book

flexible node.js logging library

npm install book
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book is a flexible and extensible logging library for node.js

Instead of trying to solve the problem of figuring out what and how you want to do logging in your project, book provides some basic functions for you to customize and create the logging system you want. Think of it like middleware, except for logging.

install

npm install book

quickstart

To get started with basic logging, just require('book') and start logging!

var log = require('book');

// You can now log using the methods: panic, error, warn, info, debug, trace
log.info('haters be loggin');

Will output (on stdout):

[info] haters be loggin

how to log

Below are the basics of logging using the default logger.

There are 6 log levels ( panic | error | warn | info | debug | trace ). See the examples.

The arguments you pass to the logging functions will determine how they are processed.

// if the first argument is a string, it is assumed to be a format string
// it will consume all of the remaining arguments when formatting
log.info('hello world');
[info] hello world

log.info('secret: %d', 42);
[info] secret 42

log.info('json: %j', { secret: 42 });
[info] { "secret": 42 }
// if the first argument is an Error
// the logger will capture the stacktrace into error.stack of the final log entry
log.error(new Error('fail!'));
[error] fail!

// any arguments after the first Error arg are processed as if they appeared as the first
// you can capture an error and print other messages
log.error(new Error('again?'), 'another %s', 'cat');
[error] another cat
// lastly, the first argument can be an object
// this will cause the fields of the object to the added to the fields of the final log entry
// after the first arguments, remaining arguments are again treated as if they were the first
log.warn({ something: 'bad' }, 'foo %s', 'bar');

// will print the message 'foo bar', however the {something: 'bad'} object can be accessed in your custom middleware as you please.
[warn] foo bar

Note: Only when a string is encountered are all of the remaining arguments consumed. Until then, each argument is processed independently as if it appeared first.

If you want your logs to go to a file, use the book-file module.

options

The default logging setup will write logs to stdout. If you would like to disable this behavior use the following:

var log = require('book').default({
  stdout: false
});

This will give you a new default logger with no output to stdout. For more flexible configuration read about middleware below.

middleware

The entire functionality of the default logger is built using middleware. These create pipeline of 'features' for the logger. You can customize loggers to include/exclude any features you want. Middleware can add fields to the logging output our it can act as a transport to send the log entry someplace else.

The 'default' logger is simply a certain selection of middleware provided with the library. You are not required to use it and can roll your own custom solution.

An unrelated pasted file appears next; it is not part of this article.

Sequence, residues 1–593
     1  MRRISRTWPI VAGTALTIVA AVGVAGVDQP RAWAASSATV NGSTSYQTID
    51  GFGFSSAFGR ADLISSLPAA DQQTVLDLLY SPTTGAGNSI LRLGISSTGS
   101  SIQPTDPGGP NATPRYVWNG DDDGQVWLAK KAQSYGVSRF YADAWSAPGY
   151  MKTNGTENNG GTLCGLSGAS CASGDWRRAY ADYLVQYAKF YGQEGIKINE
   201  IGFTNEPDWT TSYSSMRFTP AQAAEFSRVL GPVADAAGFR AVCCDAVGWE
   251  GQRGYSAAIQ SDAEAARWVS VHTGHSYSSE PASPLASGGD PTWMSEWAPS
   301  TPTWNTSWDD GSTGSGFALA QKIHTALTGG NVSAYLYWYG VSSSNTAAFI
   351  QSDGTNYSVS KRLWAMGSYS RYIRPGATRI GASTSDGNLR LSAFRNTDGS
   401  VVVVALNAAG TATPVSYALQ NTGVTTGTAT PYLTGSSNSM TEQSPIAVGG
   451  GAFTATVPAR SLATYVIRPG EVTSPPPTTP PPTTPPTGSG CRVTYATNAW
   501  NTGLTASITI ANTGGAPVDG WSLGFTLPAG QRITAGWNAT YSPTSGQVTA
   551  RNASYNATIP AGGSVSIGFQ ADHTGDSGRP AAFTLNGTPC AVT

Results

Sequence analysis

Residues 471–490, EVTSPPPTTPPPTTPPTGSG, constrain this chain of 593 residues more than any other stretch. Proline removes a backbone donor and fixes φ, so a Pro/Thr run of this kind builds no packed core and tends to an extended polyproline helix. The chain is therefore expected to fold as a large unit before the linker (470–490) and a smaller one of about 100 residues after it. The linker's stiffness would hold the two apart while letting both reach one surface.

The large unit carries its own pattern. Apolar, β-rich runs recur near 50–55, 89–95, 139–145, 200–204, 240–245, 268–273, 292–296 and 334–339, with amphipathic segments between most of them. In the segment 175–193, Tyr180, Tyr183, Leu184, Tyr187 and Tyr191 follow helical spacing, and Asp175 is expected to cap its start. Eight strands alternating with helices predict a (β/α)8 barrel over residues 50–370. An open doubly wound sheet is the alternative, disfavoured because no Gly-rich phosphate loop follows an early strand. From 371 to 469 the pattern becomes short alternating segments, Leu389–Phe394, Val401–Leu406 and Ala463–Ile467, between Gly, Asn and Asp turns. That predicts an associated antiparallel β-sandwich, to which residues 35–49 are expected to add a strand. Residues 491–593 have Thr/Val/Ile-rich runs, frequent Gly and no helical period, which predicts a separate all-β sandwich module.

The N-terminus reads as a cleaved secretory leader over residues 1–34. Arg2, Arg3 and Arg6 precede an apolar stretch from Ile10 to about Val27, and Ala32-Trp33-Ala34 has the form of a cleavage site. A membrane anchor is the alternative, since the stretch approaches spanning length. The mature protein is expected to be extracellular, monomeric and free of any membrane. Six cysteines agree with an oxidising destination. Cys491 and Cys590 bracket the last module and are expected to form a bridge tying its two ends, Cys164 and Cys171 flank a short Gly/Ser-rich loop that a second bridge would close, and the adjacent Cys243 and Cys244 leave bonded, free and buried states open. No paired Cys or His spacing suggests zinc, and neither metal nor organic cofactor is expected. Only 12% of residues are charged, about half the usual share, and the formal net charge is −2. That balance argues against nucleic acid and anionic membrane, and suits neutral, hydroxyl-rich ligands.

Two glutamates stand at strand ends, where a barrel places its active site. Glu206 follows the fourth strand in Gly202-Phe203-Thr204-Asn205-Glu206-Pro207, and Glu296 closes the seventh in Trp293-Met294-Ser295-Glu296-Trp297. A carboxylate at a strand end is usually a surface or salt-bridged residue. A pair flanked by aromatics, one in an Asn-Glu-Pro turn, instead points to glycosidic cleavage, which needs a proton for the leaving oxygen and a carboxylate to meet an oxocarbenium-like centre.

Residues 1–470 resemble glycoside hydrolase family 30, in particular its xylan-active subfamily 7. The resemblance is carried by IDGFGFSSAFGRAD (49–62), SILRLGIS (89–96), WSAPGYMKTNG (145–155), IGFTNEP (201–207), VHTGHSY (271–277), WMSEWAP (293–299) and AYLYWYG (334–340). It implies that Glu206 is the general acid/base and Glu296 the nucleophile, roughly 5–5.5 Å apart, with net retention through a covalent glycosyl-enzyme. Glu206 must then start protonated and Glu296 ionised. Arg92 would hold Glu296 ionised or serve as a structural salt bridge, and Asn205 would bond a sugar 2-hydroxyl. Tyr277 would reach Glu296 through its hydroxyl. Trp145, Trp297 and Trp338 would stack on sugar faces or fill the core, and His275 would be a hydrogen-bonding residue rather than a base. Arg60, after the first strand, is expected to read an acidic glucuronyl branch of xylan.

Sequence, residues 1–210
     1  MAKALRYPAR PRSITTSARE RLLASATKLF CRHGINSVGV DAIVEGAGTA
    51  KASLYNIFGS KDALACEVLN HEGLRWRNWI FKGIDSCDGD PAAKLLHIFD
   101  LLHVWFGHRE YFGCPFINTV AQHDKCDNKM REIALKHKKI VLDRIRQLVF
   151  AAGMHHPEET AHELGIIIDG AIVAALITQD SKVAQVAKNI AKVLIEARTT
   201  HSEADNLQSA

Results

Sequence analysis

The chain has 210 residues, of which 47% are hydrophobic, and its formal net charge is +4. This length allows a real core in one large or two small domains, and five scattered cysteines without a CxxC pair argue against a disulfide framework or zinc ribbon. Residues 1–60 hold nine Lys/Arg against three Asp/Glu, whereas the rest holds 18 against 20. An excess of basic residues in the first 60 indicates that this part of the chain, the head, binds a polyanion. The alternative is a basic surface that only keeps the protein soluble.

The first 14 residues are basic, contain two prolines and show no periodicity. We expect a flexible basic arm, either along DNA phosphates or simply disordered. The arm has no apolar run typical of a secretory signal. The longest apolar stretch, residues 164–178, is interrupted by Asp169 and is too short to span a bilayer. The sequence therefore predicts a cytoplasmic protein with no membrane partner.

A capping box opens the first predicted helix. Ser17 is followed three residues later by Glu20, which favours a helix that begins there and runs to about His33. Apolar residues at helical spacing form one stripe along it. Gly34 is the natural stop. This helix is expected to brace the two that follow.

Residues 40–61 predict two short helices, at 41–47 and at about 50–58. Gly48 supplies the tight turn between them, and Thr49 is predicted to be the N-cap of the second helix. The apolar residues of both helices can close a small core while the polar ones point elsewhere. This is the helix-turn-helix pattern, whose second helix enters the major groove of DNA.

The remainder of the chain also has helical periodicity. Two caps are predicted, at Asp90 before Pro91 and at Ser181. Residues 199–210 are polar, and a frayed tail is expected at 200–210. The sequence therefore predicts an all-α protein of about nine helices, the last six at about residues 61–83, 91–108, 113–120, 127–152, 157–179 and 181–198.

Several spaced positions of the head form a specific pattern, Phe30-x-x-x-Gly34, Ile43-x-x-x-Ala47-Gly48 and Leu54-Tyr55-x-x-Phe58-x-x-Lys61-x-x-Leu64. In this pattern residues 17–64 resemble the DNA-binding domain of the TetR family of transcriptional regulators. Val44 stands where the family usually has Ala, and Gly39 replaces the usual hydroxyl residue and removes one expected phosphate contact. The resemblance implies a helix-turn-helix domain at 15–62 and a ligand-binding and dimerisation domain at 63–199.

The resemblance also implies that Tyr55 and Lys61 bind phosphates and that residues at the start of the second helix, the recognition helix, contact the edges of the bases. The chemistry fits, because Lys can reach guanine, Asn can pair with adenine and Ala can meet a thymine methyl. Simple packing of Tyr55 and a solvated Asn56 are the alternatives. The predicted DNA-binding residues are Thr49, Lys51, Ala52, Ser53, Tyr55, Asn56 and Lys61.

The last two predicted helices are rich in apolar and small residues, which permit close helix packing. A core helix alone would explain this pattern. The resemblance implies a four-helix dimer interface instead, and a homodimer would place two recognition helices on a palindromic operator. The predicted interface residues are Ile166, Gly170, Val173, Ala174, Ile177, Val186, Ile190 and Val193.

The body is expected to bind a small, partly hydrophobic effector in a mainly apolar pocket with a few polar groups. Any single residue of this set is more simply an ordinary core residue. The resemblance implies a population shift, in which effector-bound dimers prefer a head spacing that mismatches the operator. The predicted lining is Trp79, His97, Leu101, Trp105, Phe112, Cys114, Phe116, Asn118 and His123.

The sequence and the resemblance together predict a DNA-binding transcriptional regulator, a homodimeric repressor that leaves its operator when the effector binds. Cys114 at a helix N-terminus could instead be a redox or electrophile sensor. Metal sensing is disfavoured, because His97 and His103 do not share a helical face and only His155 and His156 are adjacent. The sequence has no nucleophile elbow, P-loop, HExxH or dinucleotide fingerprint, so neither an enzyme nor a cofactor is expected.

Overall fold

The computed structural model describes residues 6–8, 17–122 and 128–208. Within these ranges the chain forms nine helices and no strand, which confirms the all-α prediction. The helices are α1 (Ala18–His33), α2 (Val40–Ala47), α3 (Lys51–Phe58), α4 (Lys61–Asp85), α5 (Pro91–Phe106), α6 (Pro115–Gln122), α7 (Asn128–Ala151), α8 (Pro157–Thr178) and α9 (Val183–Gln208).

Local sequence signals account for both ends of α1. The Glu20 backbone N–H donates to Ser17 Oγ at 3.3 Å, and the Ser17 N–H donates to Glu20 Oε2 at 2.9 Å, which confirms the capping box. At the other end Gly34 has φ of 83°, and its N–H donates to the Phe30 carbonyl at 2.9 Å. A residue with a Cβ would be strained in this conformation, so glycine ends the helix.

make your own

Middleware is simply a function which will do some processing on the logging entry. It is passed all of the arguments of the original log call (info, error, etc) and the 'this' is set to the logging entry. Your middleware should modify the fields of 'this' to add or remove relevant entries.

// simple middleware that adds a timestamp to the entry
function sample_middleware() {
  var entry = this;

  // this is the only provided field
  // set to [0..5] 0=panic, by the called log functions
  // usually you won't change this
  entry.level;

  // add a new field to our entry
  entry.timestamp = Date.now();
}

Decorators are processed in the order you push them onto a logger.

using your middleware

// book.blank creates a logging object with no middleware
var log = require('book').blank();

// remember, middleware is processed in the order you use it
log.use(sample_middleware);

// you can now call any of the logging functions
log.info('hello');

// output will depend on any middleware you have added
// use any of the provided middleware to build up your own logger

attaching middleware

You can add middleware to the default logger similar to the blank logger above. Lets say we want to provide out own middleware to print to stdout. We can disable the default stdout and provide out own.

// create a default logger with no stdout middleware
var log = require('book').default({
  stdout: false
});

log.use(function() {
  var entry = this;

  // our own code for printing to stdout
  // console.log(...);
});

// this will use our own stdout middleware
log.info('hello world!');

provided middleware

Book ships with some builtin middleware. You can access it with:

var book_middleware = require('book').middleware;

The default logger is composed from this middleware. Use a blank logger if you want to pick and choose which ones to use.

base

provides the basic argument processing outlined above

trace

provides tracing where the log line was called. Adds 'filename' and 'lineno' fields to the log entry. This is different from the stack trace of Errors. This is the filename and lineno of the call site of the log line.

stdout

basic printing to console

hostname

inserts a 'hostname' field into the entry

timestamp

inserts a 'timestamp' entry (seconds using Date.now()/1000.0)

middleware modules

There are a number of npm modules which provide various transports and other logging features.

book-file

book-file records your log entries to a file.

You can add the file transport to your logger using the following:

log.use(require('book-file')({
      filename: '/path/to/file.log'
});

book-email

book-email sends your log messages over email.

book-git

book-git adds a commit field to your log entry which has the deployed git commit id.

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